Romeny, Bas ter Haar. "Chapter One: Hypotheses on the Development of Judaism and Christianity in Syria in the Period After 70 C.E." in Van de Sandt, Huub (editor). Matthew and the Didache: Two Documents from the Same Jewish-Christian Milieu? Minneapolis: Fortress Press, 2005, 13-33.
Romeny observes that there is scant concrete evidence for the nature of Christianity in Syria between about 70 and 200. Few written sources exist, and the best source we have, Eusebius, wrote in the early fourth century (Romeny 2005, 13). The Mishna is compiled possibly as early as the early third century. The perspective of the sources also represent the view of those who had won out in theological conflict, so we have little actual material from other voices. For this reason, Romeny speaks in hypothetical terms.
Romeny finds material from the city of Edessa to be valuable. Here there was an early Christian community and we find a Syriac translation of the Old Testament, which signifies Jewish roots to the Christian community (Romeny 2005, 13). There is also inscriptional evidence which reveals some local perspectives. Romeny additionally notes the existence of "Bardasian's Dialogue on Fate (from the beginning of the third century)" (Romeny 2005, 14). There are also some pertinent Pseudepigrapha and Apocrypha. While these materials provide documentation of some divergent ideas within Judaism and Christianity, they provide very little actual context.
The text of Josephus' Jewish Antiquities is also of importance, though Romeny observes it was adopted by Christian authors as early as Origen, in order to assert their own interpretation of failings of Judaism which led to the fall of Jerusalem in 70 (Romeny 2005, 16). Within Jewish commentary, the events of 70 were also seen as cataclysmic, but relatively quickly the changes were seen as a needed reform, resulting in a more unified rabbinic leadership structure.
The city of Edessa contains several sources of information from the second and early third century, which Romeny considers to provide fairly useful information, though he reminds the reader that we proceed cautiously (Romeny 2005, 18). Romeny continues by detailing a number of ways in which we can assume reasonably safely similarities between Edessa and other Syrian cities of the period. He particularly notes a fusion of Greek and Syriac elements within culture and philosophy (Romeny 2005, 19).
While Romeny finds evidence for Christianity in Edessa in the second century, he questions what kind of relationship we can affirm between it and Judaism (Romeny 2005, 21). Tatian, who moved back to his native Syria from Rome in 177, makes oblique statements about how he learned his Christian philosophy. His work in the Diatessaron is an apparent response to Marcion, who rejected much of the New Testament (Romeny 2005, 22). The asceticism of Tatian appears in other works, such as the Acts of Judas Thomas and the gospel of Thomas, both of which Romeny considers to have a connection to Edessa (Romeny 2005, 23). He further observes that connections between Edessa and Jerusalem are made in several Jewish traditions.
Romeny adds to the picture the question of the Peshitta, the Syriac version of the Bible, possibly of either Jewish or Christian origin (Romeny 2005, 25). One of the challenges with a Christian origin of the translation is the fact that the early Christian authors we know of from the 2nd-4th centuries knew Greek but not Hebrew. Translations of the Hebrew Bible into other languages in this period can be traced more readily to the Septuagint than to a Hebrew origin (Romeny 2005, 26). The Peshitta shows signs of translation which considered prayer rather than sacrifice as of primary importance, and Romeny cites Weitzman as describing a prayer-cult in which times of prayer were substituted for times of sacrifice (Romeny 2005, 27). This could suggest a Jewish origin, but one which would pass fairly easily to a Christian community. Romeny asks whether this signifies a particular, discrete community or a broader societal trend (Romeny 2005, 28).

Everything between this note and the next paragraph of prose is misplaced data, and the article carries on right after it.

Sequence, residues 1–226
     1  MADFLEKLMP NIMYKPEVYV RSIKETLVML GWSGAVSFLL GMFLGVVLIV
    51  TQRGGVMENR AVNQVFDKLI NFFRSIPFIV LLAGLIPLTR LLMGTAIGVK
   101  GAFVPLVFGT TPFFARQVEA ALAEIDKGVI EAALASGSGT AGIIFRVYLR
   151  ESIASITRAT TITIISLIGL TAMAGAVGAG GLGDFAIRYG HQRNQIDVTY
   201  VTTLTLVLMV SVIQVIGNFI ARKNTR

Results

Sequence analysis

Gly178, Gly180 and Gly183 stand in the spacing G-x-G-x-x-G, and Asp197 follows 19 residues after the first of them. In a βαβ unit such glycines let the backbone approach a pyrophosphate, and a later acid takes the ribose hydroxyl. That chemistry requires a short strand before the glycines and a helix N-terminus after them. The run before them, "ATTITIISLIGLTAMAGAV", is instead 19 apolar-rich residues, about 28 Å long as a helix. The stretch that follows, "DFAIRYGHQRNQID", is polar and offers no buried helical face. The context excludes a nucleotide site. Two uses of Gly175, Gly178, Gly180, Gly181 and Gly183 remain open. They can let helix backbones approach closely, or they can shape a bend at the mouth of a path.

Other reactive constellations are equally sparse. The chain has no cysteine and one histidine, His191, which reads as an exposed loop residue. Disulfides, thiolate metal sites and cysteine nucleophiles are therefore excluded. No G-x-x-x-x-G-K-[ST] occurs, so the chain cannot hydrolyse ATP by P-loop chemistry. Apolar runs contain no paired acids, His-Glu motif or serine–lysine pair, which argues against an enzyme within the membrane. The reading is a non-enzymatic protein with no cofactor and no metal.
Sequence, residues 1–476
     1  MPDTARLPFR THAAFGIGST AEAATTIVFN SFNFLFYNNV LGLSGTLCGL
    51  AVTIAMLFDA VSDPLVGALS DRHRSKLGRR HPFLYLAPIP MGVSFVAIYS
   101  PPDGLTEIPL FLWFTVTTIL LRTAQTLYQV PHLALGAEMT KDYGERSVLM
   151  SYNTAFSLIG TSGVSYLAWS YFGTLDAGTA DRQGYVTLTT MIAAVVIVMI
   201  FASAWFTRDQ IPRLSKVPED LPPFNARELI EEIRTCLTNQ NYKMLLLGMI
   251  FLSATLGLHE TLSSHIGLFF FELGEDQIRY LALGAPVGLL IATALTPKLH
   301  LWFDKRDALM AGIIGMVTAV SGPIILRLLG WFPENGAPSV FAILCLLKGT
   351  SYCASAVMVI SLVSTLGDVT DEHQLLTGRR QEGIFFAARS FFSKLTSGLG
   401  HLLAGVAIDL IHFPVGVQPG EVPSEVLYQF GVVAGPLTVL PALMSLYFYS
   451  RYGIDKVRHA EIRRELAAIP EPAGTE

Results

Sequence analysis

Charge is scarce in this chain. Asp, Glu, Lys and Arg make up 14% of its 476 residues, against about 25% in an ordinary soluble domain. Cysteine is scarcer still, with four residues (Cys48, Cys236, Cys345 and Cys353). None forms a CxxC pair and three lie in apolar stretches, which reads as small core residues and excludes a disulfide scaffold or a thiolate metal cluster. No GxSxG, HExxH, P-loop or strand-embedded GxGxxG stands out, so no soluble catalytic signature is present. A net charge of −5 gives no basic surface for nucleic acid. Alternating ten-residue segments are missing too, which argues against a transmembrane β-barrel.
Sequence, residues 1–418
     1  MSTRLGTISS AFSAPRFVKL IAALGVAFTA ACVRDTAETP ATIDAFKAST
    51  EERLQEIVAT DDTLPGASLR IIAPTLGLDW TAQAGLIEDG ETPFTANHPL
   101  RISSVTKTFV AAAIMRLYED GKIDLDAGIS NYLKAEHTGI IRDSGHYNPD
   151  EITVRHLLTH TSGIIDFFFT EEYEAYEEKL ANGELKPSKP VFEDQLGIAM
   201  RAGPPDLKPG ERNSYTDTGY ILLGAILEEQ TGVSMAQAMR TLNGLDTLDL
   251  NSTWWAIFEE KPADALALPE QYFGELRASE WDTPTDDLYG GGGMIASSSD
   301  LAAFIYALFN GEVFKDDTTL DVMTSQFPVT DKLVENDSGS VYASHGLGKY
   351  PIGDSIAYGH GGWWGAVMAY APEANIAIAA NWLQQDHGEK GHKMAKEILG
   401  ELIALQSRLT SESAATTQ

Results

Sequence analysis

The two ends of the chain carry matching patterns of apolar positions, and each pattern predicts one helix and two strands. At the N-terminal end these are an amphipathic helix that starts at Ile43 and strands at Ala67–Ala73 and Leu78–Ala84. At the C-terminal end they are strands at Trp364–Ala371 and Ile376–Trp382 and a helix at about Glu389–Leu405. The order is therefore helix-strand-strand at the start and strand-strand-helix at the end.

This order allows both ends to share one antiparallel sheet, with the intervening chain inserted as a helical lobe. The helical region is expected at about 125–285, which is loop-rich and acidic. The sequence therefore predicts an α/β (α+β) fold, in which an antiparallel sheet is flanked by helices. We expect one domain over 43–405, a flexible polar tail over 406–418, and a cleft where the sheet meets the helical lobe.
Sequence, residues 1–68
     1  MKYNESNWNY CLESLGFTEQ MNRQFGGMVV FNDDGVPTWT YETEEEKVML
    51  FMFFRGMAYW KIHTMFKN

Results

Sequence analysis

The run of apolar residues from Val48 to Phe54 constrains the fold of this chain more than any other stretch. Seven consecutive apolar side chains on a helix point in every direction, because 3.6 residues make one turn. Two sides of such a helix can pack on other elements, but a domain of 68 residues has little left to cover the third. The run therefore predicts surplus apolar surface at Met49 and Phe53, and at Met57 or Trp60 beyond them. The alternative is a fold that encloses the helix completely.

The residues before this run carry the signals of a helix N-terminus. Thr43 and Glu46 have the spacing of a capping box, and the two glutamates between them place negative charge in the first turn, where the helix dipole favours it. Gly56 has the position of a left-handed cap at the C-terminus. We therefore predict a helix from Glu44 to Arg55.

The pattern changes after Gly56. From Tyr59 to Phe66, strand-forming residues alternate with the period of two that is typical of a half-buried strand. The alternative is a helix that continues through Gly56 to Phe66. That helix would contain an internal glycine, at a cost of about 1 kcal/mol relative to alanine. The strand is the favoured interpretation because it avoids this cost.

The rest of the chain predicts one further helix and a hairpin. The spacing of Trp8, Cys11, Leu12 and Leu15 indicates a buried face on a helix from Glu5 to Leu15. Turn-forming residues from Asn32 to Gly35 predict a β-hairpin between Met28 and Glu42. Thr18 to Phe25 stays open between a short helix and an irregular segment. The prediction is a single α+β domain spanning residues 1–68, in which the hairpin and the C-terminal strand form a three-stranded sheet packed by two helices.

Evidence from funerary inscriptions in Edessa suggests that in our period about ten percent of the population was Jewish, and normally used Jewish Aramaic script for inscriptions (Romeny 2005, 28). It is not completely clear to Romeny whether Chrsitians were distinct from pagans in their language use, but it is clear that Jews used a different script than pagans when they marked graves. The Peshitta, however, is in the script typically used by the pagans and Christians. Romeny suggests this may lead us to conclude that the translators were not ethnically Jewish but were Christians of gentile origin (Romeny 2005, 29). He further thinks the shift of emphasis from sacrifice to prayer could be characteristic of a gentile Christian understanding as opposed to a Jewish interpretation. The conflict between Christians and Marcionites could also be a strong motivation for Christians to produce an Old Testament in a local language (Romeny 2005, 30).
Romeny further theorizes that the lack of mention of Jews as separate from Christians in Edessan inscriptions could suggest that the Christians saw no clear difference between themselves and Jews. There may have been no clear distinction (Romeny 2005, 30). While James Dunn sees a sharp contrast by the year 135, Romeny thinks the evidence of this emerges later, close to the end of the second century.
That there was a Christian presence in Edessa in the second century is undeniable (Romeny 2005, 31). It probably arrived in different forms at slightly different times. The boundaries were not necessarily clear at first, but differentiated over time, giving rise to some writings which have different emphases. The teachings and loyalties may well have overlapped as the society involved many personal interactions (Romeny 2005, 32). Over time, the differentiation could be classified more clearly.